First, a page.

In the second part of our look at bear diets we focus on how caring for food-led animals can mean a tricky balancing act for their keepers.
With bears on the scales every three months – their weight is more carefully monitored than most humans. Underweight or overweight – either can cause concern but it’s often not as simple as simply increasing or decreasing the amount of food available.
For bears that would not naturally live in social groups of up to 20 in the wild – group management throws up its own challenges and food is a large part of that.
Their healthy sanctuary diet is augmented with daily exercise. The bears at our Chengdu sanctuary are free to roam, swim and climb over a large outdoor area. Their food is scattered and placed strategically throughout the enclosures to encourage natural behaviour and stimulate them both mentally and physically
Nic Field, Bear and Vet Team Director at our China sanctuary described the balancing act that her team are presented with:
“The weight of the bears is a constant challenge for us managing them in groups which is why we weigh all bears every three months and some more often. It is rather a balance. Considering the health issues these bears have like arthritis and mobility issues, obviously being over-weight does not help but at the same time as we manage bears in groups we need to consider that they are a resource driven species and we want to avoid food competition and aggression. We also need to consider the seasonal fluctuations in their appetites. The other thing is that we place food and enrichment in the enclosures to promote physical and mental stimulation"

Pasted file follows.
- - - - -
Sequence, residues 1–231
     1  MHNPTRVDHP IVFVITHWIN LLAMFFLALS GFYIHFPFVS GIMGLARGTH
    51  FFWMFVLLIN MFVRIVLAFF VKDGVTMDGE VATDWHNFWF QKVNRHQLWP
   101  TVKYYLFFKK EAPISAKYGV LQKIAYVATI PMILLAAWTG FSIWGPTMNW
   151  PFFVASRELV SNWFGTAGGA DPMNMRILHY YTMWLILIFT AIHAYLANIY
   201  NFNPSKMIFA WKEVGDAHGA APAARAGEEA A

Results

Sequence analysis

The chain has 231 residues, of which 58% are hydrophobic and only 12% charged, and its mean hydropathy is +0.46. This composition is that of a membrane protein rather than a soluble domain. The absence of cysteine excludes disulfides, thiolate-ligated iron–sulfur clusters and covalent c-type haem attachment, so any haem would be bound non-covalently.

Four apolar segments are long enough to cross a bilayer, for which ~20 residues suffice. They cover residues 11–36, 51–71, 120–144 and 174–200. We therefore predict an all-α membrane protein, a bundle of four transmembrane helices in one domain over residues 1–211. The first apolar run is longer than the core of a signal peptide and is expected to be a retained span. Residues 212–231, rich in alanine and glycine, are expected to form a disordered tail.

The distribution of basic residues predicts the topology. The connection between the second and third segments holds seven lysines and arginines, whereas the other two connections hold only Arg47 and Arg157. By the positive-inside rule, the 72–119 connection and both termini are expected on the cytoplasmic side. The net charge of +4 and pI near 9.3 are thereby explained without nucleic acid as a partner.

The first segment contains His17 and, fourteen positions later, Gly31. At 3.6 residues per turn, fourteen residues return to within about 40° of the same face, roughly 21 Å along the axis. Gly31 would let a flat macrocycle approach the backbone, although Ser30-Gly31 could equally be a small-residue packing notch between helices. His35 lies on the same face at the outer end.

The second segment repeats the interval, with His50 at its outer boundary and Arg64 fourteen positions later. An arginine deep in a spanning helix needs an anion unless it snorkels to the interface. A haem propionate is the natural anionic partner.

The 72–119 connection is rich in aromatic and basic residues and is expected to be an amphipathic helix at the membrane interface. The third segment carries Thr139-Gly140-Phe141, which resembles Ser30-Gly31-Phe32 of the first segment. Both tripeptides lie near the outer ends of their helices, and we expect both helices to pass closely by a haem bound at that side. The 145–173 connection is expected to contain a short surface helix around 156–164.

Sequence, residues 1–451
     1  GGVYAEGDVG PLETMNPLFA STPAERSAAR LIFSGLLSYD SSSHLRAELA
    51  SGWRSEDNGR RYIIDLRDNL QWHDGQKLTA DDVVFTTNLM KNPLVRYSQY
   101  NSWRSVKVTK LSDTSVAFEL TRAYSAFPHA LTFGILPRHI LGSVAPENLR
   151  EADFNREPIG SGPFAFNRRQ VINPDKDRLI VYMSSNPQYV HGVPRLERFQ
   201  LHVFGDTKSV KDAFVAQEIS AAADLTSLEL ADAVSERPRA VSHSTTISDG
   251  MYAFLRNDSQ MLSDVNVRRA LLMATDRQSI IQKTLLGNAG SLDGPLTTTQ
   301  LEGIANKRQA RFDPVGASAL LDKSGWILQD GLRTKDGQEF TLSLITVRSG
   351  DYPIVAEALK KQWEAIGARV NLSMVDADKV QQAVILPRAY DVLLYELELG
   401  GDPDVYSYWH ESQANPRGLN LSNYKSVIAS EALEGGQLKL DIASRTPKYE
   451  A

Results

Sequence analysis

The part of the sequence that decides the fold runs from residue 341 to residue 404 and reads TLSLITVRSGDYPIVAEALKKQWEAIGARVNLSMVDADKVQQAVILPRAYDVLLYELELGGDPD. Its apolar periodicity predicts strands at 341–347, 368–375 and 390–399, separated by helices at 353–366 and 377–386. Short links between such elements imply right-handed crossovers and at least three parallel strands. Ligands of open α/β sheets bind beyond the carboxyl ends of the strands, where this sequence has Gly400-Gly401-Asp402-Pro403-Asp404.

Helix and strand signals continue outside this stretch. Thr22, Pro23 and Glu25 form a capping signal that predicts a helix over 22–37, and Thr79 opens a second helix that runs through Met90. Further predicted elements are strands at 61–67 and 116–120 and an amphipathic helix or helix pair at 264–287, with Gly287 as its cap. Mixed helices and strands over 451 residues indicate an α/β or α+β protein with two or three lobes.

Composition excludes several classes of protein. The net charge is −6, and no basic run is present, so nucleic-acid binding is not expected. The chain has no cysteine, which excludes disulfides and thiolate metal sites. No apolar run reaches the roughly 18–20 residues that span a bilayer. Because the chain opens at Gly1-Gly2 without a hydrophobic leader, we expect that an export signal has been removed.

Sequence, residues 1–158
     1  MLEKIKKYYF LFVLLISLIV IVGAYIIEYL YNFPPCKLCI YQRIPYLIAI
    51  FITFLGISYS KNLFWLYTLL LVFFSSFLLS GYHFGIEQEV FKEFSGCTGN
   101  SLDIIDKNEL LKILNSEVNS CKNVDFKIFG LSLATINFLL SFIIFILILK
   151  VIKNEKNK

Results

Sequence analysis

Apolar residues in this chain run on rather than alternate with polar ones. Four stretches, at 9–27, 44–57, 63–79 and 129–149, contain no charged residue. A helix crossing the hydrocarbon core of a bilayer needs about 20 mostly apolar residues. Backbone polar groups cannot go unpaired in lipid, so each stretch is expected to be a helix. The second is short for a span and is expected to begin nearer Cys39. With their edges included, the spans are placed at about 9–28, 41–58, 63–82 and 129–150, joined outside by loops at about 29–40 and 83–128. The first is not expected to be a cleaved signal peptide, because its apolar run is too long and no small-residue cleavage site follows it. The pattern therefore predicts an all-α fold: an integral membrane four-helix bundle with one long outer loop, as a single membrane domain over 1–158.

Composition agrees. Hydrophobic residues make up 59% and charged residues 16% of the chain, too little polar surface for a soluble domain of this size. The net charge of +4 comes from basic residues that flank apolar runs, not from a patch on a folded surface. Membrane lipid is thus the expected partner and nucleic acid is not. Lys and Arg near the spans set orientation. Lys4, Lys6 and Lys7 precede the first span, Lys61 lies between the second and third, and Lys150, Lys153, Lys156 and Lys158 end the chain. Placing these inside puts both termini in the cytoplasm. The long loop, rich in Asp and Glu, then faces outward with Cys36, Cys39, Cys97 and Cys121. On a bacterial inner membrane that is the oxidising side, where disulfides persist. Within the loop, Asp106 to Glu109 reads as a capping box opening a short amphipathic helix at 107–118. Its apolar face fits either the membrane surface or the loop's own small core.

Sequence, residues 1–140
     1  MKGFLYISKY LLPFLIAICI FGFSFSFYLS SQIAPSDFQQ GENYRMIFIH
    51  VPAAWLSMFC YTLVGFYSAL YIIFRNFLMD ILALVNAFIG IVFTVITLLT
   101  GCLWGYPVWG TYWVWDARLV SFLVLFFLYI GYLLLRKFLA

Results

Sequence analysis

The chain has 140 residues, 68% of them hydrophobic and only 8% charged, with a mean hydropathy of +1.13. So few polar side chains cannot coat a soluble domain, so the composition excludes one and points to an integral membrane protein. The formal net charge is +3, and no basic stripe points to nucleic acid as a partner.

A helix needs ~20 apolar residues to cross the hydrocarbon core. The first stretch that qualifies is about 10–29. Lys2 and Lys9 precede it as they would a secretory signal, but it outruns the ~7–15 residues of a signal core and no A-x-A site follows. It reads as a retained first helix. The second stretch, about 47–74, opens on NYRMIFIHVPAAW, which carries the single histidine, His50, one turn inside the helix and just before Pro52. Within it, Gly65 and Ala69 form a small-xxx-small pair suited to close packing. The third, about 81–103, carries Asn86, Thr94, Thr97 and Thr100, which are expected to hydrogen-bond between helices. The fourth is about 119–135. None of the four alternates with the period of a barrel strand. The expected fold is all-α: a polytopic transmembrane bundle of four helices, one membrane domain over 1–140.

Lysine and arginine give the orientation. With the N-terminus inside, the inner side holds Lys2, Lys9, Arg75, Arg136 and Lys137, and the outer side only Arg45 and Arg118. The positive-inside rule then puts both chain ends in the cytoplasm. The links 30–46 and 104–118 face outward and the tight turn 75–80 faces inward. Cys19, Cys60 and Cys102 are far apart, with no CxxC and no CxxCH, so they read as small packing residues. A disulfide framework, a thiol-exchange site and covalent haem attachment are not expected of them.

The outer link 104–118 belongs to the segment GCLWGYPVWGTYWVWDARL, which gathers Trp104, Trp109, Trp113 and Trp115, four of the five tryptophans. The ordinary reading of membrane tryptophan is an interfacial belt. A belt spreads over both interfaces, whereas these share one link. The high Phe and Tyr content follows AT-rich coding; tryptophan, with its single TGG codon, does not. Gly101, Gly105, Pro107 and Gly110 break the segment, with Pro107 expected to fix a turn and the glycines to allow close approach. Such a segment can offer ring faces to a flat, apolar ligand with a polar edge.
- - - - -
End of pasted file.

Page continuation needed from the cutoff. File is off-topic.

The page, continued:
For the team, monitoring of bears to spot whose weight is above or below their ideal, is an on-going task. To complicate this further, weight can also fluctuate season by season.
Bear Manager Heidi Quine says:
“Seasonal weight changes must be taken into consideration when determining food quantities and food types. For example in autumn, bears will seek out high calorie foods in preparation for winter dormancy, so we include the likes of chestnuts and peanuts in their diet. Bear appetites are assessed using a range of indicators. Eating speed, individual bear noise and aggression over food have proven to be reliable gauges of hunger or satisfied appetites. Feed amounts are adjusted weekly, although daily or immediate adjustments are possible if required.”
Managing bears year on year and monitoring them accordingly means the Animals Asia team can call on an unrivalled knowledge of bear care. It’s an expertise that continues to grow and it ensures the quality of care is in a state of constant improvement.